Descriptive: Vietnam War The Vietnam War was a military struggle fought in Vietnam from 1959 to 1975. It began as a determined attempt by Communist guerrillas (Vietcong) in the South,backed by Communist North Vietnam, to overthrow the government of South Vietnam. The struggle widened into a ward between South Vietnam and North Vietnam andultimately into a limited international conflict. The United States and some othercountries supported South Vietnam by supplying troops and munitions, and the USSRand the People’s Republic of China furnished munitions to North Vietnam and theVietcong. On both sides, however, the burden of the war fell mainly on the civilians. The war also engulfed Laos, where the Communist Pathet Lao fought governmentfrom 1965 to 1973 and succeeded in abolishing the monarchy in 1975, and Cambodia,where the government surrendered in 1973 to the Communist Khmer Rouge. The position taken by Diem won the backing of the U. S. The government inHanoi, however, indicated its determination to renunify the nation under Hanoi. Thetruce arranged at Geneva began to crumble and by January 1957, the InternationalControl Commission set up to implement the Geneva accords was reporting armisticeviolations by both North and South Vietnam. Throughout the rest of the year, Comunistsympathizers who had gone north after partition began returning south in increasingnumbers. The Vietcong’s began launching attacks on U. S. military installations that hadbeen established, and in 1959 began their guerilla attacks on the Diem government. The attacks were intensified in 1960, the year in which North Vietnam roclaimedits intention to liberate South Vietnam from the ruling of the U. S. imperialists. “Thestatement served to reinforce the belief that the Vietcong were being directed by Hanoi. On November 10, the Saigon government charged that regular North Vietnamese troopswere talking a direct part in Vietcong attacks in South Vietnam. to show that theguerrilla movement was independent, however, the Vietcong set up their own politicalarm, known as the National Liberation Front (NLF), with its headquarters in Hanoi. In the face of the deteriorating situation, the U. S. restated its support for Saigon. In April 1961, a treaty of mity and economic relations was signed with South Vietnam,and in December, President John F. Kennedy pledged to help South Vietnam maintain itsindependence significantly. In December 1961, the first U. S. troops, consisting of 400uniformed army personnel, arrived in Saigon in order to operate two helicoptercompanies; the U. S. proclaimed, however, that the troops were not combat units as such. A year later, U. S. military strength in Vietnam stood at 11,200. On November 1, 1963, the Diem regime was overthrown in a military “coup.” Diem and his brother and political advisor, Ngo Dinh Nhu, were executed. Thecircumstances surrounding the “coup” were not fully clear at the time. The governmentthat replaced teh Diem regime was a revolutionary council headed by Brigadier GeneralDuong Van Minh. A series of other “coups” followed, and in the 18 months after Diem’soverthrow South Vietnam had ten different governments. None of these proved capableof dealing effectively with the country’s miliary situation. A military councilunderGeneral Nguyen Van Thieu and General Nguyen Cao Ky was finally created in 1965, andit restored basic political order. Later, in September 1967, elections were held and Thieubecambe president of South Vietnam.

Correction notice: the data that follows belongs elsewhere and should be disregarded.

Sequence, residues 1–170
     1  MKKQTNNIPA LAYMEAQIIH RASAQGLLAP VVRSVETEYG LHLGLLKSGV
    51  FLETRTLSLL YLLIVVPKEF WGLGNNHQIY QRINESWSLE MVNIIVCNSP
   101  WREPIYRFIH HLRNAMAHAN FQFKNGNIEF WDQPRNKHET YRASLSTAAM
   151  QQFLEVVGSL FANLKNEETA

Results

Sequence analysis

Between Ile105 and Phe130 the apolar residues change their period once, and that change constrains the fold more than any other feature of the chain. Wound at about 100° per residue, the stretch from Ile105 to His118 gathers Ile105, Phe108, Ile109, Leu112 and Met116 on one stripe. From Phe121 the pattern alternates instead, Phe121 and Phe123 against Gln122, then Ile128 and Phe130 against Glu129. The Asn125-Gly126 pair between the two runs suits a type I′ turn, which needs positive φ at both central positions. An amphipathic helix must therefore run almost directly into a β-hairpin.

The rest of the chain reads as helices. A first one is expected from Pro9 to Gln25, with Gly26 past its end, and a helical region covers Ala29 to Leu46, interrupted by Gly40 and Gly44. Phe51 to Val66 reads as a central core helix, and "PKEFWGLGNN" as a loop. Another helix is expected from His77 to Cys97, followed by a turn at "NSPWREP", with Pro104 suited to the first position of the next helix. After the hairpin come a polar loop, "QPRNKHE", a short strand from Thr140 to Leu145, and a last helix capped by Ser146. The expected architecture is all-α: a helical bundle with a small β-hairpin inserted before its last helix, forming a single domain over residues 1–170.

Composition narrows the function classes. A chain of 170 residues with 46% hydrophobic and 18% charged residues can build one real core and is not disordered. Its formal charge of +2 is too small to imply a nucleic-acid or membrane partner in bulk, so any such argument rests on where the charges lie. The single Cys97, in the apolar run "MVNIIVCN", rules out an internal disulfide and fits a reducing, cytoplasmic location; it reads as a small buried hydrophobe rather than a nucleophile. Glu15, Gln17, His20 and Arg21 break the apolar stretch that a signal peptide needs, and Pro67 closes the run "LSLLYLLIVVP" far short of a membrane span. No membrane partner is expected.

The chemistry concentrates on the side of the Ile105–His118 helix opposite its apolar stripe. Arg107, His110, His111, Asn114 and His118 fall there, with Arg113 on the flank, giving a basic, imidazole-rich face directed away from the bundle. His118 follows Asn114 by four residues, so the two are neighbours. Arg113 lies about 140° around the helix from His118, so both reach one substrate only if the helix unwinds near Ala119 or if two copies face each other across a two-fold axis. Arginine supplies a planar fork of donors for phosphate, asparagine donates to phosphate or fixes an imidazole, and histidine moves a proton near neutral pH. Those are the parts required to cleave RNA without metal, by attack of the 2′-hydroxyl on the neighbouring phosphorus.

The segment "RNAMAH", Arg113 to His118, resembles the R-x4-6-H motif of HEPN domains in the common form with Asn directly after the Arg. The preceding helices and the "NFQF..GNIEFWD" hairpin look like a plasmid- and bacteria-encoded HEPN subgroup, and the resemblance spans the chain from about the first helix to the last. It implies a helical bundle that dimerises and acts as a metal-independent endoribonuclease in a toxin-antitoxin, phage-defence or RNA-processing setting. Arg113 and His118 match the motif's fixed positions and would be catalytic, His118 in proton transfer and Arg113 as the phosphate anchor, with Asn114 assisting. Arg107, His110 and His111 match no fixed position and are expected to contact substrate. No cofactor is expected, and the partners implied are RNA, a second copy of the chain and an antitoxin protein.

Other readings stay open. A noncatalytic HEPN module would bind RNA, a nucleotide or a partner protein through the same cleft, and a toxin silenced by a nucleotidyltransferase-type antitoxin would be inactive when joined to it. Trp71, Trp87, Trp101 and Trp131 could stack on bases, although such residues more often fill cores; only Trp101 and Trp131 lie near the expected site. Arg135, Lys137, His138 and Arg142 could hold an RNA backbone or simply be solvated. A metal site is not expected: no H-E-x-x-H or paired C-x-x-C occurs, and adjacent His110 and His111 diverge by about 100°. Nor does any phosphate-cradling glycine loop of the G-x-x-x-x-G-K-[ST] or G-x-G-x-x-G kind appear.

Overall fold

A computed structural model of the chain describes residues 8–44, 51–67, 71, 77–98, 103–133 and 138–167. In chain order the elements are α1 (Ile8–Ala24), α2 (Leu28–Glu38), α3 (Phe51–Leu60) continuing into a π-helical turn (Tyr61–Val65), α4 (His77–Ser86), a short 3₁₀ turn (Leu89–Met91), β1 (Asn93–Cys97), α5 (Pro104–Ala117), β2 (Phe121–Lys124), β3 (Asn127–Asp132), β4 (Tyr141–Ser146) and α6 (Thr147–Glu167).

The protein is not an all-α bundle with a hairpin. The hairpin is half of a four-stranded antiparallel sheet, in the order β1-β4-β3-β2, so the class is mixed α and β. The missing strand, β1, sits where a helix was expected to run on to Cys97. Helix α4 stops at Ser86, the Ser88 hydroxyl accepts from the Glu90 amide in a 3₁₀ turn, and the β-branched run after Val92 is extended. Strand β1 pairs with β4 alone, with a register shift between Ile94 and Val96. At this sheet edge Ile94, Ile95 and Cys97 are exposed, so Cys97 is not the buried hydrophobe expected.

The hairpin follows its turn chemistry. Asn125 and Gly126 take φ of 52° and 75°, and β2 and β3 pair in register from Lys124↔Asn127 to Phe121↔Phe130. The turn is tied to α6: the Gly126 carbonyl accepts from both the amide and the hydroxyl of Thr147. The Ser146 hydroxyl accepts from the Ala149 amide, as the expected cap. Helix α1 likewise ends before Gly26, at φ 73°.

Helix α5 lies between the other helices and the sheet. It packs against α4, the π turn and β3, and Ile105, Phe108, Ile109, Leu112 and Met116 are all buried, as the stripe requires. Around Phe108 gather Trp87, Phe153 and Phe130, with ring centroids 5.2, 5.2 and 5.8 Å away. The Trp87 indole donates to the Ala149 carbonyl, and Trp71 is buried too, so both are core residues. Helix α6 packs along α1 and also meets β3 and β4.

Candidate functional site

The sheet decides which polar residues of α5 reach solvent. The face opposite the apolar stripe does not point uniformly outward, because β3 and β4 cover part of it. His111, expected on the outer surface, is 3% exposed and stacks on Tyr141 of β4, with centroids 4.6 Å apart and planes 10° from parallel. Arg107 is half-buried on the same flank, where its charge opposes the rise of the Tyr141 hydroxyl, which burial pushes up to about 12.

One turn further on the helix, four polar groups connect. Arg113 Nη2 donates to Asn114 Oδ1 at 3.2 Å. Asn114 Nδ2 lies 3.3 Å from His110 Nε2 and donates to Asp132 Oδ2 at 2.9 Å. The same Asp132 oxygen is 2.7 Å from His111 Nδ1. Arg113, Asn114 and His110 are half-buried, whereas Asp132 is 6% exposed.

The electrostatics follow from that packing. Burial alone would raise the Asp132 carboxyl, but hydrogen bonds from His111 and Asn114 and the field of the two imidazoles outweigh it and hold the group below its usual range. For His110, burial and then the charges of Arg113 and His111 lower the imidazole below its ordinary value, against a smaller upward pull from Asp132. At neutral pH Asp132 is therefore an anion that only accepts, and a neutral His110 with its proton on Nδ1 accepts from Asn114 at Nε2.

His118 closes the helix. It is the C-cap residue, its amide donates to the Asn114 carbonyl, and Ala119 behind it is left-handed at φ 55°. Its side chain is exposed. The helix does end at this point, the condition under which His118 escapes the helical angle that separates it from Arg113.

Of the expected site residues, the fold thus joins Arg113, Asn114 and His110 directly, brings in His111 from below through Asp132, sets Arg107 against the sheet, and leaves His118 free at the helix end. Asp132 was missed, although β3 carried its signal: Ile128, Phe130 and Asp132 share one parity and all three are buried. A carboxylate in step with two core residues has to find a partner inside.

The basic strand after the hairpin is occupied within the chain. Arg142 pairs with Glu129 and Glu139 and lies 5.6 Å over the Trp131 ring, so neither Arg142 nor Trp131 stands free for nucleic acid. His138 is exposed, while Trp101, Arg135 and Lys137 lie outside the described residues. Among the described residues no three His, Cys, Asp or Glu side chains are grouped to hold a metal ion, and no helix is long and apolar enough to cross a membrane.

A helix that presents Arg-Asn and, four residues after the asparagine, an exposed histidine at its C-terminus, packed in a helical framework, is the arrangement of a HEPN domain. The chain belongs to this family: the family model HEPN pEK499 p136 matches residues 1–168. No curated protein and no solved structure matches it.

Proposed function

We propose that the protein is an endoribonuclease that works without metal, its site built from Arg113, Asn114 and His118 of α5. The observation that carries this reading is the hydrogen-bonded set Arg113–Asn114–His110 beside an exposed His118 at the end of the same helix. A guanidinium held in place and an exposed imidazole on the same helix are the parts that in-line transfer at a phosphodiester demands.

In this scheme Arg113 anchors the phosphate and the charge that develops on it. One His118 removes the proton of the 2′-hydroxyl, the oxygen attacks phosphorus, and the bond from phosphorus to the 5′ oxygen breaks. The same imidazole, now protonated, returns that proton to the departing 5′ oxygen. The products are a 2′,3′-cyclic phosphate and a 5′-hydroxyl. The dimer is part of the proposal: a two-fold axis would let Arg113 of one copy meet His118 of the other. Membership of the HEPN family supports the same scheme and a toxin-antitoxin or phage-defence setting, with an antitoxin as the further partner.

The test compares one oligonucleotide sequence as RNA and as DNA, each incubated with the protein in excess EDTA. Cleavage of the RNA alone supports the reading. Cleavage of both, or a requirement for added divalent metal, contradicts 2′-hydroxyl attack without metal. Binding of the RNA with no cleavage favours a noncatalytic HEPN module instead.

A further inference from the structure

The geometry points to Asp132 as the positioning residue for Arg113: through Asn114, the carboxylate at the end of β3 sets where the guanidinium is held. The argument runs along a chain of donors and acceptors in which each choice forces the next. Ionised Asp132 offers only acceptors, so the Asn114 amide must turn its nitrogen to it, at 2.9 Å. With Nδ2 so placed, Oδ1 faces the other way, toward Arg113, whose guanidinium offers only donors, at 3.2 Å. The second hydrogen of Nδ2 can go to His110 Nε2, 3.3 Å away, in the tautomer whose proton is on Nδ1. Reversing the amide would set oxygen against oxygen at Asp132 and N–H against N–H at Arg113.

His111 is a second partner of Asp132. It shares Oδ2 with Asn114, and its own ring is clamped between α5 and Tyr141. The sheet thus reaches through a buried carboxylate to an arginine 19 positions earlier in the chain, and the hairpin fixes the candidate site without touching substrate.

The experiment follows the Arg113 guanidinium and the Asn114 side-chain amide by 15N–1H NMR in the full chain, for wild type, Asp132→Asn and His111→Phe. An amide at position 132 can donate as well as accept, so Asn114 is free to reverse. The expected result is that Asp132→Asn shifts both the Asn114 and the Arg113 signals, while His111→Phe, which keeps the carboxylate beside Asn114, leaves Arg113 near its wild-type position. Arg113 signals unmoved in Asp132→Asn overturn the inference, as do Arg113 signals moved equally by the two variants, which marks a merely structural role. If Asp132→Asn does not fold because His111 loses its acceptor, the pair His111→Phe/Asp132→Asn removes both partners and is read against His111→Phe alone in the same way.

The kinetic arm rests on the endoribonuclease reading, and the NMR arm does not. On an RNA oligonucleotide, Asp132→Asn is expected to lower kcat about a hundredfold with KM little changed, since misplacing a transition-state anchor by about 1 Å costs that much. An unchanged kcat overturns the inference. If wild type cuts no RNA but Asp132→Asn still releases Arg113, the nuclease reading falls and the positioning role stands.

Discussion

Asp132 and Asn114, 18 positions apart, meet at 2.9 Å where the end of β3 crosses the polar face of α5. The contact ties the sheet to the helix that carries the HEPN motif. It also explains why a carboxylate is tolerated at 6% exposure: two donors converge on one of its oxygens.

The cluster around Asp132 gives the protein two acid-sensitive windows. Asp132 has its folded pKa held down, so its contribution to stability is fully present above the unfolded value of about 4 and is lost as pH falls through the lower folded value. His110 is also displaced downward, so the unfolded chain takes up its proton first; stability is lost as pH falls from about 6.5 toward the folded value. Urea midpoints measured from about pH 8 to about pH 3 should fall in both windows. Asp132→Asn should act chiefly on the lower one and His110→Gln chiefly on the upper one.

A Deepening U. S. Involvement

The Vietnam War was unlike any other conventional wars, in the respect that, thewar had no defined front lines. Much of it consisted of hit-and-run attacks, with theguerrillas striking at government outposts and retreating into the jungle. The war,however, began to escalate in the first week of August 1964, when North Vietnamesetorpedo boats were reported to have attacked two U. S. destroyers in the Gulf of Tonkin. As a result of this attack, former-President Lyndon B. Johnson ordered jets to SouthVietnam and the retaliatory bombing of military targets in North Vietnam. Throughout 1965, U. S. planes began regular bombing raids over North Vietnam,but a halt was ordered in May in hopes of initiating peace talks. Bombings were resumedafter North Vietnam had rejected all negotiations. During this time the United Statescontinued to build up its troops in South Vietnam. By the end of 1965 the Americancombat strength was nearly 200,000. The Vietnam War had much, much more details and complexities, but for thesake of time, I only covered a few of them.


Despite the stepping up of U. S. bombing, both sides